National Liberation Heritage Institute undertakes site visit to NAHECS centre on Alice campus

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A delegation from the National Liberation Heritage Institute of South Africa (NaLHISA) and Multichoice South Africa undertook a two-day (4-5 March) site visit to the National Heritage and Cultural Studies Centre (NAHECS) located on the Alice Campus.

The NaLHISA delegation was led by its chair, Ms Baleka Mbete (former National Assembly Speaker) and Multichoice was represented by its Corporate Affairs Group Executive, Mr Jabavu Heshu. The delegation was welcomed by the Vice-Chancellor, Prof Sakhela Buhlungu on behalf of the university. Ms Fezeka Nkomonye - MEC for the provincial Department of Sports, Recreation, Arts and Culture welcomed them on behalf of the Eastern Cape province.

NAHECS houses archives that belong to the following liberation movements - African National Congress, Pan Africanist Congress, Black Consciousness Movement and other richly documented liberation organisations. With the arrival of democracy, these organisations agreed to store their archives at Fort Hare. A dedicated building was identified for this purpose, thus giving birth to NAHECS.


The Centre’s history dates back to Fort Hare’s Xhosa Literature Centre, an archival institution hampered by the “Xhosa only” dictates of the 1980s. Today, NAHECS is a vibrant academic unit and provides mentorship to Africa’s future archivists and historians. The purpose of the site visit was to see how the archives are kept and how the material is arranged.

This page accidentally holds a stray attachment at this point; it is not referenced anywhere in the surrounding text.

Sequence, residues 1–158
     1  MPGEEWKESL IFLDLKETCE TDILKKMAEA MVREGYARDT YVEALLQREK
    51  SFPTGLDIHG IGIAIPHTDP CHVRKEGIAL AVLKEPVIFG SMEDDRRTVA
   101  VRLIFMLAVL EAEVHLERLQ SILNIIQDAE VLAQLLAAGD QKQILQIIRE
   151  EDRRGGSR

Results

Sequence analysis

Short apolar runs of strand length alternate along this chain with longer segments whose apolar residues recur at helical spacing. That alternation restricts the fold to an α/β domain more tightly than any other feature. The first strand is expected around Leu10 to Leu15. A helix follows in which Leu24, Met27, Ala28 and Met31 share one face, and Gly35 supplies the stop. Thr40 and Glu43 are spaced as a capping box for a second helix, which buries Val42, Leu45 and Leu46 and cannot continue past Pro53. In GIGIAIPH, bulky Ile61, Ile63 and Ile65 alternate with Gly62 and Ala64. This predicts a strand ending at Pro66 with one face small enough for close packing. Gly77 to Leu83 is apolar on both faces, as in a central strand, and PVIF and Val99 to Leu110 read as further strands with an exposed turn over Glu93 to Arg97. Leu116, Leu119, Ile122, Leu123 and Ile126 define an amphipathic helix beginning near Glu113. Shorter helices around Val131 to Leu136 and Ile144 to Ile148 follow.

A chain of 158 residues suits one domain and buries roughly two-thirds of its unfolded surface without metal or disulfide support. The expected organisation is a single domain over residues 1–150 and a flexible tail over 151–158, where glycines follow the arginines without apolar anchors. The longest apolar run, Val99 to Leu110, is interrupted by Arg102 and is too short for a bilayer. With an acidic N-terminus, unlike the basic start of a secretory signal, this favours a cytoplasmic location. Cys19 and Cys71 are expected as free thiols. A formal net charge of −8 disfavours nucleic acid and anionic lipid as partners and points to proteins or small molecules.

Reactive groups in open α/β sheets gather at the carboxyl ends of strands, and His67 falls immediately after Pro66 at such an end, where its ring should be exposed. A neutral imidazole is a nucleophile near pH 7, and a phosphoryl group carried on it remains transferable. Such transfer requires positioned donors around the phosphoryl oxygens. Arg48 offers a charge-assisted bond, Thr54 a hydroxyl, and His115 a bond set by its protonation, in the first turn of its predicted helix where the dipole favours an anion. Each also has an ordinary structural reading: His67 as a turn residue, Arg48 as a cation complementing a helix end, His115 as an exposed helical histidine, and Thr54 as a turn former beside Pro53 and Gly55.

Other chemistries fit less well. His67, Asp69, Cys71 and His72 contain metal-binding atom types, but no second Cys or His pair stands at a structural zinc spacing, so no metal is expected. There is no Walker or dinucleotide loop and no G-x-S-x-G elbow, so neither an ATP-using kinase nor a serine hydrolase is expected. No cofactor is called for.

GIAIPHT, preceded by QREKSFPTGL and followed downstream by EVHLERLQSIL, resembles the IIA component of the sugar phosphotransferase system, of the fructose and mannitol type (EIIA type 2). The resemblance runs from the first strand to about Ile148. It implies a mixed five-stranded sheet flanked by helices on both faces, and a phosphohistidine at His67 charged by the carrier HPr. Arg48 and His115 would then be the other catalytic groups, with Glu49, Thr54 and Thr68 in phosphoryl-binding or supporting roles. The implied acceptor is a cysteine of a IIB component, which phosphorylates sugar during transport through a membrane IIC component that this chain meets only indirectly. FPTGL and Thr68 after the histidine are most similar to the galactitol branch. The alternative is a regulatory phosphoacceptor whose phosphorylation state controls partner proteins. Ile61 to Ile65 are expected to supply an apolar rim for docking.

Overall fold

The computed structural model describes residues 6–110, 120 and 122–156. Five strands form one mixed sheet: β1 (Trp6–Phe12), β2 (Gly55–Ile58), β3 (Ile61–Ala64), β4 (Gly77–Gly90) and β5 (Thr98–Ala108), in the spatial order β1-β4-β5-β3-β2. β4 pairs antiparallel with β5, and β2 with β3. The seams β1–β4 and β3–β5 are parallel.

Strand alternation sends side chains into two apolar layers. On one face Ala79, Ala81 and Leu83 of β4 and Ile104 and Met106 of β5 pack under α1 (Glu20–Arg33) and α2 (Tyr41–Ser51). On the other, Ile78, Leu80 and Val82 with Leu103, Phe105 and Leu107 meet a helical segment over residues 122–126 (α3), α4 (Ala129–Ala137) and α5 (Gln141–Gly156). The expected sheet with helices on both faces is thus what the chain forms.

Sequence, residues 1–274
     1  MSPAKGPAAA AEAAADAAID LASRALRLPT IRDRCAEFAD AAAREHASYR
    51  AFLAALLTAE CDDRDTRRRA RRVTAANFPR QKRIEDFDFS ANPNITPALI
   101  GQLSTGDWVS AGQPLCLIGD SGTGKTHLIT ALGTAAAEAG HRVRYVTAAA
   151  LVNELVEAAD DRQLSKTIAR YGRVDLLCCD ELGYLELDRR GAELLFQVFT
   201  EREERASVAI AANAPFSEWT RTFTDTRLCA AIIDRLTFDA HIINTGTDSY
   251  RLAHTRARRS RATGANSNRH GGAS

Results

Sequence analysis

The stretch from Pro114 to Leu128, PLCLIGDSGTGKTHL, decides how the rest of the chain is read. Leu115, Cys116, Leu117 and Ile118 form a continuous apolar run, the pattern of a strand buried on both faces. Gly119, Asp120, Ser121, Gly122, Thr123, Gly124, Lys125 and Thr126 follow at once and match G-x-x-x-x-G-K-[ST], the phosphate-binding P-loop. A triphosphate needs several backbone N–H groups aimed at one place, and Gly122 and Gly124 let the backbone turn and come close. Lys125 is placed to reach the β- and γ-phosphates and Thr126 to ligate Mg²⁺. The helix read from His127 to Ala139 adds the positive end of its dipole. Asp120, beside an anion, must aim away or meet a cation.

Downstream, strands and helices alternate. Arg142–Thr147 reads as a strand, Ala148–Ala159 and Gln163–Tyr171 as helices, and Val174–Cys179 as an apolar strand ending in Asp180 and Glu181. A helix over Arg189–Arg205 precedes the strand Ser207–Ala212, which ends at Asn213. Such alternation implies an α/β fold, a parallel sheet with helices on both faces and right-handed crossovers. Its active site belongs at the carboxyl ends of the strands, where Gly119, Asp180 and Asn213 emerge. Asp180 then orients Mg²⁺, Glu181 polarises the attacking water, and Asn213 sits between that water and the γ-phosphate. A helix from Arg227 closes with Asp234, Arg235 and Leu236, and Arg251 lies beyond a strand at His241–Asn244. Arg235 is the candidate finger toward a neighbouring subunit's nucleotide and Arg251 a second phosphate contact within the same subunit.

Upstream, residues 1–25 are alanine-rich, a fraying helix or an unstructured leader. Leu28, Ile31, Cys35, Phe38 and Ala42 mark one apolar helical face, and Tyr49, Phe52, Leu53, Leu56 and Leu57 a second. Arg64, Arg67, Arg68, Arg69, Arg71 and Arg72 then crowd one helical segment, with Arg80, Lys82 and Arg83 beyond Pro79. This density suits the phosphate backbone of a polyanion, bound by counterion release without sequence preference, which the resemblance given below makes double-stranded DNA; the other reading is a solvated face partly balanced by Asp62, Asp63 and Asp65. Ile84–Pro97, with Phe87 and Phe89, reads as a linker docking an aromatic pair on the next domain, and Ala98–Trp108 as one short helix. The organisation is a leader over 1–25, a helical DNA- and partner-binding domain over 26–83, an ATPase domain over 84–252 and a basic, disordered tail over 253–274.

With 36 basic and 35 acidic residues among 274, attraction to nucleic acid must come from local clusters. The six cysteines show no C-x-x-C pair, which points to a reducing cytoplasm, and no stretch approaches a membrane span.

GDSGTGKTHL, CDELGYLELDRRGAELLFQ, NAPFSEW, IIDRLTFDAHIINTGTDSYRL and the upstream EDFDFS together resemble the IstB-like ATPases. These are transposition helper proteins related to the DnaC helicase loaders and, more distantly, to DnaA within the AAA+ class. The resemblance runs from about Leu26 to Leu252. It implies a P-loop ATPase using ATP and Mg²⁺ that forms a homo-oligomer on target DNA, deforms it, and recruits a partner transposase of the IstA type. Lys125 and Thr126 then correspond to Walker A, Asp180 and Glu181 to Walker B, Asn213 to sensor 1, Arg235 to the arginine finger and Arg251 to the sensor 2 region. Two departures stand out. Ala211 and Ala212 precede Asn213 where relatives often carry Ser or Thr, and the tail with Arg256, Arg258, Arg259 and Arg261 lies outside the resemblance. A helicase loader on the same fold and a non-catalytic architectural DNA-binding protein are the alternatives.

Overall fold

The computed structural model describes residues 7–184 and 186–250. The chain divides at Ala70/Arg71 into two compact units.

Almost 80% of the ANC material is now at an advanced stage of being digitized and the interest of NaLHISA is to have all archival material equally digitized.

In an open discussion, different views were shared about developing a skilled human resource to drive this critical project. Explaining the importance of the archives, Mbete said,“The archives should date back as far as the era of colonial wars to put the Eastern Cape at the centre due to the role played by the centre – not only to benefit tourists but the future generations.” In response, the VC said for the materials to be useful, “they must be used and people have to know about them”. He also raised a serious concern about the lack of a South African Research Chairs Initiative (SARCHi) Chair at NAHECS but also indicated that the university is moving towards that direction. “There is a Memorandum of Understanding expected to be signed in the not so distant future. Having a SARCHi Professor at NAHECS means our postgraduate students will be engaged, the university will have to be a national key point and above all, it will breathe life into Alice town,” said the VC.

MEC Nkomonye said the project has to be broadened to give expression to the forts and museums. “It must talk to people for whom the struggle was waged.”

// By Mawande Mrashula